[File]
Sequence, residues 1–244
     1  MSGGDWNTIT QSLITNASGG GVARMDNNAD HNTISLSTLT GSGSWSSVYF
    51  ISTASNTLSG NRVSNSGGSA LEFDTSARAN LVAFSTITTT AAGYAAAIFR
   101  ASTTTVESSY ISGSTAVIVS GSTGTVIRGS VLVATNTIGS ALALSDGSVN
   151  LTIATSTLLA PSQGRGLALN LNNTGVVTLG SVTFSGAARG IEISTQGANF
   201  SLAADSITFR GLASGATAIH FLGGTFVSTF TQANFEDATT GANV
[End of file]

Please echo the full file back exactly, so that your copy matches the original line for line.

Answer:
Sequence, residues 1–244
     1  MSGGDWNTIT QSLITNASGG GVARMDNNAD HNTISLSTLT GSGSWSSVYF
    51  ISTASNTLSG NRVSNSGGSA LEFDTSARAN LVAFSTITTT AAGYAAAIFR
   101  ASTTTVESSY ISGSTAVIVS GSTGTVIRGS VLVATNTIGS ALALSDGSVN
   151  LTIATSTLLA PSQGRGLALN LNNTGVVTLG SVTFSGAARG IEISTQGANF
   201  SLAADSITFR GLASGATAIH FLGGTFVSTF TQANFEDATT GANV